I'm astounded and saddened by the incredibly quick demise of Eastman Kodak and the use of actual film. Kodak is still hanging in there, but as a shadow of its former self. I'm someone who used a lot of Kodak product over the years (and our back bedroom still oddly holds some now-ancient bottles of Kodak chemicals). I use digital cameras almost every day, yet I still ache for holding my procession of film cameras and using them. Life is completely different, and only an improvement in some ways. I still occasionally haul out my set of Olympus equipment and take some pictures just for the joy of it.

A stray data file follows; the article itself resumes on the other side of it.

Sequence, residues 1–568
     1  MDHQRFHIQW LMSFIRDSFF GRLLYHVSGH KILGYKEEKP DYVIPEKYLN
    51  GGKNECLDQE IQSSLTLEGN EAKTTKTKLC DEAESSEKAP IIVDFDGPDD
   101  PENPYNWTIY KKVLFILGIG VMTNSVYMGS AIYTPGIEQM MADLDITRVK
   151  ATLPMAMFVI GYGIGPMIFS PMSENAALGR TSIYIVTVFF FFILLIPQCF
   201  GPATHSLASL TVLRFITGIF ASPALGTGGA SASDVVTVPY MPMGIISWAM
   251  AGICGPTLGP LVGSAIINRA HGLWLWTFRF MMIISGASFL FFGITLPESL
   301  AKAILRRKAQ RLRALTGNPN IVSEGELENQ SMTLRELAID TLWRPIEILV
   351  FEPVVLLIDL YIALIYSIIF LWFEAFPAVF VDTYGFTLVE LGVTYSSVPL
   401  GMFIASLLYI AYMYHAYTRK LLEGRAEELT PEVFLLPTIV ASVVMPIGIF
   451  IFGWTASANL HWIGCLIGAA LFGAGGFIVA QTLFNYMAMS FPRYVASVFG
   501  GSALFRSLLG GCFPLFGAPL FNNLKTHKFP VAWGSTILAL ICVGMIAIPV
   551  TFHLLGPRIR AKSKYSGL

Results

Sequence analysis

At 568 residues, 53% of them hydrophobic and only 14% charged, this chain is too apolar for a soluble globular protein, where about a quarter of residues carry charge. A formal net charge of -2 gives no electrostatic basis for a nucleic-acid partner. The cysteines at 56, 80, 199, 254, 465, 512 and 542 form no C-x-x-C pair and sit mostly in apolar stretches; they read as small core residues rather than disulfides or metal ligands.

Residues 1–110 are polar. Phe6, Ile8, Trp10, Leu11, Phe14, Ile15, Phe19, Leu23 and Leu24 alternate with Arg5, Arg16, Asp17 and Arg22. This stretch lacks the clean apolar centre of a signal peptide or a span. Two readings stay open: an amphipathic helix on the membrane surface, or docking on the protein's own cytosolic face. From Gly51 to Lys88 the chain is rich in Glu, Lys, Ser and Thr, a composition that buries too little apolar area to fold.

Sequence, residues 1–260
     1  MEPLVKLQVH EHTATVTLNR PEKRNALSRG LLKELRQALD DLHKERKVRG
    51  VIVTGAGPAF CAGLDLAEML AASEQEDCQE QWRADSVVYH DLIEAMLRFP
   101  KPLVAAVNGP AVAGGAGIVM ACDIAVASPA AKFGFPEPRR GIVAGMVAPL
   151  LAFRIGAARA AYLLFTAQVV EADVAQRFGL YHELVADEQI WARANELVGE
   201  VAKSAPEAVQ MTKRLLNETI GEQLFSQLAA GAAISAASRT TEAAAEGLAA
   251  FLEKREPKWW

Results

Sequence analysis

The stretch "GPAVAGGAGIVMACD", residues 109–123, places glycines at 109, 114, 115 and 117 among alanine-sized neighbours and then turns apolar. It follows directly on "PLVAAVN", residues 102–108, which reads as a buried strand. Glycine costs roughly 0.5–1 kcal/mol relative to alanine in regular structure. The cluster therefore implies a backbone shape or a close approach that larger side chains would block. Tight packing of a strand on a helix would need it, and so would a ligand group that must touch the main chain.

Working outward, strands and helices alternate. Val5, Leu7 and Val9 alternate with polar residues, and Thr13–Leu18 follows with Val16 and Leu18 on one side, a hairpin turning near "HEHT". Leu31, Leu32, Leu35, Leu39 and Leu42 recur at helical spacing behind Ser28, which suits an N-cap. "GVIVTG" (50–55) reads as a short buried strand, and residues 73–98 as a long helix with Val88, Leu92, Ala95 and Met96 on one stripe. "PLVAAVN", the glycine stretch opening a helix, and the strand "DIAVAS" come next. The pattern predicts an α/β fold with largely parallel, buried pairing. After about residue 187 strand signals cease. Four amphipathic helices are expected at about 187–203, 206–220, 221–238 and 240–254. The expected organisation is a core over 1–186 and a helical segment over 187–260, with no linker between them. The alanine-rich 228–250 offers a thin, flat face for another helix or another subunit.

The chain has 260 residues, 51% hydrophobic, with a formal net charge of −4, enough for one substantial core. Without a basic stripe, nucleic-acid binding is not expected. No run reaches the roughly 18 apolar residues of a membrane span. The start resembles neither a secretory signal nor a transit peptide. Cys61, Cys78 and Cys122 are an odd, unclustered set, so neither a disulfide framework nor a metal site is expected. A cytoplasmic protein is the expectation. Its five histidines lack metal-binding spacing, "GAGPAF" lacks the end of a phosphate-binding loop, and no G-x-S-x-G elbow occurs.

This was all brought to mind today by an article in the Milwaukee Journal Sentinel about the fall of Kodak. Kodak was a ubiquitous part of the American landscape. Sure, we were all tempted by Polaroid (now also a ghostly shadow) and the Japanese films. For many years I was a devotee of Agfa film - one of the first of the manufacturers to fall. When Paul Simon wrote "don't take my Kodachrome away" I think he did not really think of it as a possibility - and it's now long gone. I miss the equipment, the joy of craft, the hours in the darkroom, and the magic of the process. Just an old man missing the past, but what a past it was.